We could see the same situation at the end of 2016; there was a small increase in the consumption of dairy products in the first half of the year. It was due to an increase in cheap imports and domestic production. However, then the rise in world dairy products prices took place and imports decreased. Domestic production volumes had also declined and internal prices began to rise.

These events have led to a slowdown in the recovery of demand. The decline in consumption (butter, cottage cheese) continued and reorientation of demand took place-towards cheaper traditional whole-milk products instead of expensive products.

The production of the most essential types of dairy products in Russia in 2016 remains higher than last year's levels, but the growth is not significant. The rate of the increase in production has decreased significantly. This is due to the lack of raw materials and an increase in the volume of imports of dairy products in the first half of the year. The production of whole milk products remains higher by 1.7%, cheese-by 2.2%, analogue cheese-by 1.0%, whole milk powder-by 12.9%. At the same time, the production of butter and skimmed milk remains lower by 5.6% and 4.8% than in 2015, cottage cheese and curd products-by 1.8%, margarine productsby 6.4%.

According to the estimates of the National Union of Milk Producers "Soyuzmoloko", in 2016 the production of the most popular types of dairy products will increase: Whole milk products (+1.2% to 11.9 million tons in milk equivalent), cheeses (2.4% to 463.6 thousand tons) and cheese products (+0.1% to 136.1 thousand tons).

The gross output of raw milk by the end of 2016 was 0.6% lower than in 2015. If in the first quarter there was an insignificant increase in the monthly volumes of raw milk production, then in April-September the growth rates turned out to be negative. According to the Federal State Statistics Service, 26,414 thousand tons of raw milk were produced in farms of all categories (-0.6% compared to 2015). In January-October 2015, the volume of raw milk production corresponded to the level of 2014-26,579 thousand tons.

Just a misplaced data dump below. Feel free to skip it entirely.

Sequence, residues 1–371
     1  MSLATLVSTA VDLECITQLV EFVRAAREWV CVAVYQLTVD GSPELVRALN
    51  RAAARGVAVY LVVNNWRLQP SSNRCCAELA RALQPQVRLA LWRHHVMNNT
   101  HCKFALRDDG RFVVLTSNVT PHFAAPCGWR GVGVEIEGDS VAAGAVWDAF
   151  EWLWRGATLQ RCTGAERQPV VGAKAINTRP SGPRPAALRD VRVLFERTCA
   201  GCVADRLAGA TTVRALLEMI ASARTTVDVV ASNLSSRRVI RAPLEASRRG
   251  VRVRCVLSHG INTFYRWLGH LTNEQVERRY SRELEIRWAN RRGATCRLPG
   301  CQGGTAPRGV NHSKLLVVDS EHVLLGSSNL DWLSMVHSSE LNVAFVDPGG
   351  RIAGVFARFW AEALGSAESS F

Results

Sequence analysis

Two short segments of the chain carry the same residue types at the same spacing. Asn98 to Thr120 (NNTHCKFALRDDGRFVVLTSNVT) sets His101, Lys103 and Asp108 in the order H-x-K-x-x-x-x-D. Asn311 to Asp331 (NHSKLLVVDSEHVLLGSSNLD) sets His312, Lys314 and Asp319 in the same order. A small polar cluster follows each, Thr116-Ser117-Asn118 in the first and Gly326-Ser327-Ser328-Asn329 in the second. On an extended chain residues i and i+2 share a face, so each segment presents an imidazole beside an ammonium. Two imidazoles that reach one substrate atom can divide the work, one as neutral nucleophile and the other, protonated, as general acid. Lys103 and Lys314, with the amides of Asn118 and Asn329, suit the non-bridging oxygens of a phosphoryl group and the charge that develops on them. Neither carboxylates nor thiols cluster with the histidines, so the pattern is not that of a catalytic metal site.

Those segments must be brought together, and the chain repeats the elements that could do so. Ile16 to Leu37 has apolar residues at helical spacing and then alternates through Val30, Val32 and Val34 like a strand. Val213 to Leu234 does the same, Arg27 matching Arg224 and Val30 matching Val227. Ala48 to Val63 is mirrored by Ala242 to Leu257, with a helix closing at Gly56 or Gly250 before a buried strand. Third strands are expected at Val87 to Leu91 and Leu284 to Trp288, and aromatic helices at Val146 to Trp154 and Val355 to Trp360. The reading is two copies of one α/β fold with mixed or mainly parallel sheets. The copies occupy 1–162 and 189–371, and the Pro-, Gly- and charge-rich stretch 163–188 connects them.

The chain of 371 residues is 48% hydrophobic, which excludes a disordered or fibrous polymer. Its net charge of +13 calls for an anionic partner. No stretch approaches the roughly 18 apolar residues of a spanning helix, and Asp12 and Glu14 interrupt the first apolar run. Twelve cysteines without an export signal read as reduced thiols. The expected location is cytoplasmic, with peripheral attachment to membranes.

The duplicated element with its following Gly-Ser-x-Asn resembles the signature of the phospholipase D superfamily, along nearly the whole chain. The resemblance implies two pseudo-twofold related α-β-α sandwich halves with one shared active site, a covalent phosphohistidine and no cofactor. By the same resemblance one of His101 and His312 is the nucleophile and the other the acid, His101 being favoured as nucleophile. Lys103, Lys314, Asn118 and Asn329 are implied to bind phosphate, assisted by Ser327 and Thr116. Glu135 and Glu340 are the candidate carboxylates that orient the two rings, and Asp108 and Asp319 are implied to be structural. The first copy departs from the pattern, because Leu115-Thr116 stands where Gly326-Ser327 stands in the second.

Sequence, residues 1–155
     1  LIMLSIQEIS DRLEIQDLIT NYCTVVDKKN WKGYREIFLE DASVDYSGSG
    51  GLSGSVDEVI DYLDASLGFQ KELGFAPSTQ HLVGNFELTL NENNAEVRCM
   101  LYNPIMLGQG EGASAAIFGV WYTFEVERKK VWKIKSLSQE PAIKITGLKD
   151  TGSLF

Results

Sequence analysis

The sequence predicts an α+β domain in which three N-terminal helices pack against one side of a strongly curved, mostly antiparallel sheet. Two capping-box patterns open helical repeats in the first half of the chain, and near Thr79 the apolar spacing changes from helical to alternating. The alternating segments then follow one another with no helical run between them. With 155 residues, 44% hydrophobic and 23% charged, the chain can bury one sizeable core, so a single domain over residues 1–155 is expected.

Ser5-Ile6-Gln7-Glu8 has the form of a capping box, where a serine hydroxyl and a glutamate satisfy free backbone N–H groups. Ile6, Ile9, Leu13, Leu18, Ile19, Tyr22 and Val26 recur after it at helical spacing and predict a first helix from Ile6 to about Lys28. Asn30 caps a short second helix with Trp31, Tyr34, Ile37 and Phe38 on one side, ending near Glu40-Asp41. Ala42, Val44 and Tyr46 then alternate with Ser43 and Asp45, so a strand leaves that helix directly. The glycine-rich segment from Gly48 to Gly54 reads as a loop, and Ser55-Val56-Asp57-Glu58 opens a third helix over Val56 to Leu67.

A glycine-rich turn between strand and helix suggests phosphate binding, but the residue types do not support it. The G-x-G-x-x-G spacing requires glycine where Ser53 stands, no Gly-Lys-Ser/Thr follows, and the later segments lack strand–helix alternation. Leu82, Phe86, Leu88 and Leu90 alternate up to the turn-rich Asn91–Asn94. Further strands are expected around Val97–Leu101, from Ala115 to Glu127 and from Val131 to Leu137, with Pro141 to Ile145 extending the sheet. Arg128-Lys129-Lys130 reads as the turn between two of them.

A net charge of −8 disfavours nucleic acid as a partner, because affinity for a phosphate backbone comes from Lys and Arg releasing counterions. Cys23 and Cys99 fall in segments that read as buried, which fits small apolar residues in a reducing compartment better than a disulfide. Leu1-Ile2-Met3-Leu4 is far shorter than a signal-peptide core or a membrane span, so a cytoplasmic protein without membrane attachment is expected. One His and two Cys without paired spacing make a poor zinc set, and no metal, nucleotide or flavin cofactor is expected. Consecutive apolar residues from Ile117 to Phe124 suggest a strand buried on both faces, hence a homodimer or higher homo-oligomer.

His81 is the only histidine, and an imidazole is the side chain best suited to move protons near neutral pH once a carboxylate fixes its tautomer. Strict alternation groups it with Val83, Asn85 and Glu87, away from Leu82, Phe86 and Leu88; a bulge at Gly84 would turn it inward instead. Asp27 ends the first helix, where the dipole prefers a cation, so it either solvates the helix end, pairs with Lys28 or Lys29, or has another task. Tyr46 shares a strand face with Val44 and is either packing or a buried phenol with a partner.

There is a shortage of raw milk suitable for cheese production, due to price competition with foreign (usually Belarusian) producers, as well as a relatively small effective consumer demand for relatively expensive dairy products, including cheeses. As a result, the current assets of industrial cheesemakers are reduced, which is unacceptable in conditions of sufficiently long terms of cheese ripening and leads to a significant decrease in the profitability of production.

In this regard, in order to increase the efficiency of the domestic dairy industry, in parallel with the optimization of the import substitution process, it is expedient to maximally resolve the systemic problems of its functioning that accompany the development of the industry throughout its functioning.

One of such problems, as we pointed out earlier in our work, is the depreciation of fixed assets (Murtuzalieva & Seyfullaeva, 2014). Most of the processing plants in the industry were built and equipped even under the Soviet system-30 years ago and at the same time have never been upgraded. For example, typical factories for the production of cheese products were built in the 1970s and equipped with the equipment from the Hungarian enterprise "Elgep" (Ermakova & Atabaeva, 2014). According to experts, the estimated wear level of the basic funds of the national dairy industry amounted to 40-80%.